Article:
HR & Management

Watching the Great British Bake Off can improve productivity and wellbeing

5 min read

07 September 2018

MHR's Maddy Keating shines some light on why employers and their staff should watch Britain's favourite baking show.

The new series of the Great British Bake Off is well underway. From now until the end of October, the nation will be glued to their television screens every Tuesday evening to see how amateur bakers perform under the scrutiny of experts Paul Hollywood and Prue Leith.

Although elaborate masterpieces and soggy bottom disasters make for compulsive viewing, the bakers have a lot to handle: insane pressure, multitasking, time management and the emotions of succeeding and failing.

And while we may sit laughing at the cake puns and innuendos, perhaps we should pay more attention to the lessons we can learn from the bakers – and how we might apply them to our working lives?

Baker or banker, the pressure is on

The Bake Off experience is a stressful one. The contestants show an incredible level of skill to plan their elaborate bakes, get their timings right, deal with failure publicly and improve on the spot.

They have to be precise and accurate about their ingredients, and work to meticulous detail to ensure everything goes to plan. These are important skills for anyone who wants to succeed at work, and are key traits that managers, as well as their teams, should improve on.

Time management

Over-running on tasks won’t make you look good to the rest of your team. For your next project, think carefully about the time it’s likely to take and add in a bit extra for any unforeseen delays. Don’t forget to include research time into your plan.

This means you avoid rushing your tasks, ensuring all completed work is the best it can be. With the right amount of time, you can double check your workings. Better work will help to create more leads and sales, improve brand quality, and ensure happier, more productive employees.

Organisation makes life easier

Some people can multitask. Some can’t. Work out which type of person you are and organise your workload accordingly. Find out how your employees work as well. This will ensure everyone commits properly to each task, rather than trying to juggle loads of half-finished projects where you finish none.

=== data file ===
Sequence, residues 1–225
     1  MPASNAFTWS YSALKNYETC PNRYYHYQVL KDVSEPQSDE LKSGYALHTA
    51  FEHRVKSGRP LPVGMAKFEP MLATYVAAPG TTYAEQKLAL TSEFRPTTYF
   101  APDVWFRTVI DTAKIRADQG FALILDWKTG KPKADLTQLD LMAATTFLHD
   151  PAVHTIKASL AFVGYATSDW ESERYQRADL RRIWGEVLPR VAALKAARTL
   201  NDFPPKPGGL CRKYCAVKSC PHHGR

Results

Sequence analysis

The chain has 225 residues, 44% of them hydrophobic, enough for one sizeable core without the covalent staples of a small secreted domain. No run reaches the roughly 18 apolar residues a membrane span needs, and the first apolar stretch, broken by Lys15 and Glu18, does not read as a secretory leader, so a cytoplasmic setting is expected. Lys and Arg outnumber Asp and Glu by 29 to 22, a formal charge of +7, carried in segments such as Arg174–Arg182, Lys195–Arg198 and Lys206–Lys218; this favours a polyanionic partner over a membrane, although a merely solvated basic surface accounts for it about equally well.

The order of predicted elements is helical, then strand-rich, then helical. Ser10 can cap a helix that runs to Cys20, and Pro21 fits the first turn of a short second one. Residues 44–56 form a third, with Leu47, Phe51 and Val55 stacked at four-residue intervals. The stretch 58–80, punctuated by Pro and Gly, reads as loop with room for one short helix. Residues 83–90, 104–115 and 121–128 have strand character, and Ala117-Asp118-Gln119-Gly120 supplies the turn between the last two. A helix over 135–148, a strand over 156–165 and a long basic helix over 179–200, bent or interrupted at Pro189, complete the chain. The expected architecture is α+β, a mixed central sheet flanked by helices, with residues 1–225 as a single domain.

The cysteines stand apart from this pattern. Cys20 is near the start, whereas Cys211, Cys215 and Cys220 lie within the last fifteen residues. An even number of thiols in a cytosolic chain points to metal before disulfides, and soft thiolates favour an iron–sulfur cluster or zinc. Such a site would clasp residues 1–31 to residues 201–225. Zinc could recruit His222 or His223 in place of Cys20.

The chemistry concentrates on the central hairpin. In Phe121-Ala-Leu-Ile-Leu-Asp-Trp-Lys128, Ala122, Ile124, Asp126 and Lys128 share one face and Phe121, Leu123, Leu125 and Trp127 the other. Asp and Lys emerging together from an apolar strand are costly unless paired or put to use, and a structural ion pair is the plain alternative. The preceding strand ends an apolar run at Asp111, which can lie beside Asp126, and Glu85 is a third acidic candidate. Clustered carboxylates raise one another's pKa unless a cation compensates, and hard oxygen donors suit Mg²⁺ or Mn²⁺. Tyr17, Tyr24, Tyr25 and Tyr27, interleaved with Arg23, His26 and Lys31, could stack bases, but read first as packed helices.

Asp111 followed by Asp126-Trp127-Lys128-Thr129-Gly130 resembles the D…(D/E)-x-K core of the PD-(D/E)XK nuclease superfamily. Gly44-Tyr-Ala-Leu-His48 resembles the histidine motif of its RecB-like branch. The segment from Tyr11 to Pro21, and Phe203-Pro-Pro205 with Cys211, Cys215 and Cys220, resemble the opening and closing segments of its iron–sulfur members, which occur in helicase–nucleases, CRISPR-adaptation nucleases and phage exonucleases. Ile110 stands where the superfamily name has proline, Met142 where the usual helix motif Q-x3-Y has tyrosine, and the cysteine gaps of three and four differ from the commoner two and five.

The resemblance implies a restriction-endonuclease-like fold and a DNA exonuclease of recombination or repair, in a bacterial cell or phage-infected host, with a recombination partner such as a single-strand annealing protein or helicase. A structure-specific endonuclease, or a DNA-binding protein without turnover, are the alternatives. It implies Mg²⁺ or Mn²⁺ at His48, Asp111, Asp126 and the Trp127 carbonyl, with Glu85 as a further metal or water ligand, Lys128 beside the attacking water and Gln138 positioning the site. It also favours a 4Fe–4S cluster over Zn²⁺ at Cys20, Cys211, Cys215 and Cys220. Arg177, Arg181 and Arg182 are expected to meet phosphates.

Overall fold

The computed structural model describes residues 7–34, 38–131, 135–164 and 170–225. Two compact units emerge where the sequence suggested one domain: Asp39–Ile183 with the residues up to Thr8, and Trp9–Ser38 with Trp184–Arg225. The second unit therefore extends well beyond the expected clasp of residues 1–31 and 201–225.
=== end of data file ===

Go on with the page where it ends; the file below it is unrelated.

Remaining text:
Set achievable deadlines, and explain the length of time needed to complete them. People with different responsibilities won’t necessarily understand what is required when they ask for your help – if you don’t tell them, they won’t now, and you’ll feel more unnecessary pressure.

Stay transparent or crumble like a cake

When stressed, it’s important to communicate how you feel. Let employees know they can talk to you if they feel they have too much on. Stress leads to a decline in productivity. Stress within organisations can be extremely damaging, and can cause a reduction in productivity and team work, so it’s important that policies are in place to avoid piling on the pressure.

How can HR help?

HR teams need to ensure an organisation’s processes and policies consider employee wellbeing. They must make sure that different departments have communication channels available to avoid creating silos. If your departments don’t talk, how can anyone collaborate effectively?

Here’s some pointers all HR departments should be following:

  • Implementing stress management and wellbeing initiatives
  • Educating both employees and managers in ‘people training’
  • Making sure managers check in with their teams and evaluate workloads
  • Helping manage other departments’ expectations to reduce pressures on staff

So when you’re watching Great British Bake Off this year, try to pay a bit more attention to the emotions of the bakers, and what you can learn from them, rather than just laughing at the next under cooked cake.

Maddy Keating is a marketing specialist at MHR.